As a child of the 1970s when I think about Walter Cronkite, I don’t really remember seeing him broadcast the news on television. I have watched countless replays and reports on this iconic figure but he seems to me more of as a familiar great uncle. I did meet him once and he came across as that crazy uncle everyone has, who is full of stories that revolve around him. In Cronkite by Douglas Brinkley, it gave me a new perspective on this newsman. He came to be in an age of the new world of television. What I found fascinating is that many of the criticism of television reporting in the day are the same that you hear about the new journalism on the internet. That these news bits are superficial, they are not real reporting, and that anyone now can call themselves a reporter. What you learn in this book is that Cronkite was a make no waves kind of guy. The kind that everyone liked, he had a knack for sharing the events of the day in an easy conversational style. This boy from middle America could connect and until this day still holds the title the most trusted man in television. If he said it, it must be true, you could take his word to the bank as the old maxim goes. Cronkite also was a part of the greatest generation the ones that tried to do the right thing and a precursor to the “me” generation that we live in today. Cronkite covered the great stories of his day, the assassination of President Kennedy, the space race, and world events. As Brinkley masterfully does in his writings he takes you into his world, as if you were a fly on the course of his life. You feel closer to this distant uncle and wish you would have been more appreciative of him while he was still around. Maybe he wasn’t as crazy as you thought. A quick read, Cronkite takes you back to a simpler time where the world was not so noisy with information overload and America was the shinny city on the hill. A good read for fans or those who want to learn more about this gentleman from Middle America.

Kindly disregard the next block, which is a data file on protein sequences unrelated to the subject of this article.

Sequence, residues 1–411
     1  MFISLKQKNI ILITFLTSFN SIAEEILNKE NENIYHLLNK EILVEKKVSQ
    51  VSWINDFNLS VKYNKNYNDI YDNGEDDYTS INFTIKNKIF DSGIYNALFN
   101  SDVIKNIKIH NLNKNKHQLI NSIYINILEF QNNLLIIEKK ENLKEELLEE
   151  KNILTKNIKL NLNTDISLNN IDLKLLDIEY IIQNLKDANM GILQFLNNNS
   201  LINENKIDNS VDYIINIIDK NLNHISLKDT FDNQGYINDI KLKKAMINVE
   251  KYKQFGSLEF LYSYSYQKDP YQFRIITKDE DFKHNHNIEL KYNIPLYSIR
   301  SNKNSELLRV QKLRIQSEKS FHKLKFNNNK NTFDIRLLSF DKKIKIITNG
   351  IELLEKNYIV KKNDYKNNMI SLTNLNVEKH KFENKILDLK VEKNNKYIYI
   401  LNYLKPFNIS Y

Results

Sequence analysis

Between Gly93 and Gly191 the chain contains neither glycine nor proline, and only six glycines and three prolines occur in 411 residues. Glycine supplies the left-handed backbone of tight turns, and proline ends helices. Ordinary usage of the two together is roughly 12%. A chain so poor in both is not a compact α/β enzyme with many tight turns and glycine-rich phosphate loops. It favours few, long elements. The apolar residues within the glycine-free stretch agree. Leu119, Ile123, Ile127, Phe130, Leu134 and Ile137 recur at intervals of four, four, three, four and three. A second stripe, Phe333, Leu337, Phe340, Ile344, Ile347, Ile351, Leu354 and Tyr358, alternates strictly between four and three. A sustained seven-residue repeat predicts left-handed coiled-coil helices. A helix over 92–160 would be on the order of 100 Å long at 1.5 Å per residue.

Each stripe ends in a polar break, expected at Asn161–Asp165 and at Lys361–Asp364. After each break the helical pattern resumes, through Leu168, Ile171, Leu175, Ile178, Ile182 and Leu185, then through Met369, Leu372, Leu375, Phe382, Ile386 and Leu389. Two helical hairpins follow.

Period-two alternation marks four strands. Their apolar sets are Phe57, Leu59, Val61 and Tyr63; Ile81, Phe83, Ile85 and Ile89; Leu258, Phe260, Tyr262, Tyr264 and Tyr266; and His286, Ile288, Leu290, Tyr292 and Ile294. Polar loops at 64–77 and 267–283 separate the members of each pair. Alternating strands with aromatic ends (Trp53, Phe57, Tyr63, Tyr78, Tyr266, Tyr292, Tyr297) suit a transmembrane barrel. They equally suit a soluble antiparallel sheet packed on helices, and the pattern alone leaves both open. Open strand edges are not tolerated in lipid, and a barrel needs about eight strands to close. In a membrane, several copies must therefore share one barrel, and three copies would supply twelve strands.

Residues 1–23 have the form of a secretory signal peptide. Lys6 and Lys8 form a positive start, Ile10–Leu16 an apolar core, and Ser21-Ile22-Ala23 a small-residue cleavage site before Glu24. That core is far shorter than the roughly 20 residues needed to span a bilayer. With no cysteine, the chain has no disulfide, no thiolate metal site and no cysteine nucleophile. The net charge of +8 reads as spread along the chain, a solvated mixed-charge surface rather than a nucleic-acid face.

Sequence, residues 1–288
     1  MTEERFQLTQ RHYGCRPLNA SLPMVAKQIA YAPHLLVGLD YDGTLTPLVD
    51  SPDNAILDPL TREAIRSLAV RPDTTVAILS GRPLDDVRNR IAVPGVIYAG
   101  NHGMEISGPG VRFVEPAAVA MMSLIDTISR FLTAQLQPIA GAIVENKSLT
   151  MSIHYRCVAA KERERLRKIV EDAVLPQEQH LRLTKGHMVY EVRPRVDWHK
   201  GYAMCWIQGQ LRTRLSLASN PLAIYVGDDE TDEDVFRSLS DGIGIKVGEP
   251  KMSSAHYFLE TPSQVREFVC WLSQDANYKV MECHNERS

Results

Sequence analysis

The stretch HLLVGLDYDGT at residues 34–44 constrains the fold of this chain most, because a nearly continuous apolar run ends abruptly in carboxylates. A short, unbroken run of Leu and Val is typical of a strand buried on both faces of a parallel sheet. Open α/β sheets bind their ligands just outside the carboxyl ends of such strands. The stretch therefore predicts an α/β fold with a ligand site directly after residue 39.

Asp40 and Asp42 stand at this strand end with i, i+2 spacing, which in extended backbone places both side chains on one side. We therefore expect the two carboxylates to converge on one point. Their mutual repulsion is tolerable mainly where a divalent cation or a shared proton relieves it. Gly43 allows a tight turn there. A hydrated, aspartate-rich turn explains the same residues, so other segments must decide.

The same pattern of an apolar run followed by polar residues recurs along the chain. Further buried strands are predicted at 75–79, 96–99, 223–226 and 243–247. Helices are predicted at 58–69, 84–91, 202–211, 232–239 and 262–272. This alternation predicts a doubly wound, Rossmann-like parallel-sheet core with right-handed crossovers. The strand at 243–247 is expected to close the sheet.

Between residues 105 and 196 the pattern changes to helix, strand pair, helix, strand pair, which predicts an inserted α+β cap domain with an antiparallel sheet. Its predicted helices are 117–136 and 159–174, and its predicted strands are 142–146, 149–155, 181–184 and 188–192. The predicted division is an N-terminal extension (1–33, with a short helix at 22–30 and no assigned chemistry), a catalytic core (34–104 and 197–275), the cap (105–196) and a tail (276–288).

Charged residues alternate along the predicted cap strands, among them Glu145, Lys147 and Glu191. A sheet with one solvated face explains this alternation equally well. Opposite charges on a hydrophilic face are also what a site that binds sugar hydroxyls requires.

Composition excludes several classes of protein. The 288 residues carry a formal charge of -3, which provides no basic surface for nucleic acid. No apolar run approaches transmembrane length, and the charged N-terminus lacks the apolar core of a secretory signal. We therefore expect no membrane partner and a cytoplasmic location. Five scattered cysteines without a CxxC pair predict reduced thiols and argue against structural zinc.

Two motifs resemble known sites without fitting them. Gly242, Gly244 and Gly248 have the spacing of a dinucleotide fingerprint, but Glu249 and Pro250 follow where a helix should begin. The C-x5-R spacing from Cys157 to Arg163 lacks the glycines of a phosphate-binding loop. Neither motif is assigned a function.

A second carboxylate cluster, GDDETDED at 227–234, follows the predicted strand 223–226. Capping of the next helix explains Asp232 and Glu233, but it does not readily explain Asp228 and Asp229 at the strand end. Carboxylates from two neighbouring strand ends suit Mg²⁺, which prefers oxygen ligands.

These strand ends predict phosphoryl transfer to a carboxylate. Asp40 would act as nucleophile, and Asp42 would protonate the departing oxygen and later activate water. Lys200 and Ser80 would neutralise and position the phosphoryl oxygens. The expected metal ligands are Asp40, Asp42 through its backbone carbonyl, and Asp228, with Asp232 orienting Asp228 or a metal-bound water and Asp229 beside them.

About 15 years ago, I read Walter Cronkite’s autobiography, A Reporter’s Life, and was extremely disappointed in it. It seemed a superficial and half-hearted attempt at chronicling his life. That may be due to the fact that I read his autobiography about the time I read Personal History by Katharine Graham, an autobiography which won a Pulitzer Prize in 1998. Personal History was an amazing book, meticulously researched and sourced, and insightful. A Reporter’s Life suffered in comparison. When I saw that a real historian was writing a biography of Uncle Walter, I bought it right away. I was NOT disappointed. While it is not an “authorized biography,” Cronkite’s children were helpful to the author, and wanted a complete story of their father told, warts and all. And there are a few warts. Although I figured there was no love lost between Cronkite and his successor as CBS anchorman, Dan Rather, it appears that Cronkite detested Rather – and was elated when Rather’s career crashed and burned over some very sloppy reporting about President George W. Bush and his not-so-illustrious career in the Texas Air National Guard during the Viet Nam era. Cronkite is an engaging work of history by an academic who doesn’t write like one. And even with all the “warts” revealed, the book’s subject still comes out looking like a hero. Douglas Brinkley also evokes superbly the times during which Cronkite was a working journalist – World War II, the Kennedy assassination, the Cold War, the NASA space program -- and sheds light on the people Cronkite worked with and reported on. Cronkite is over 800 pages, heavy enough to serve as a doorstop, but well worth the time it takes to read and absorb it.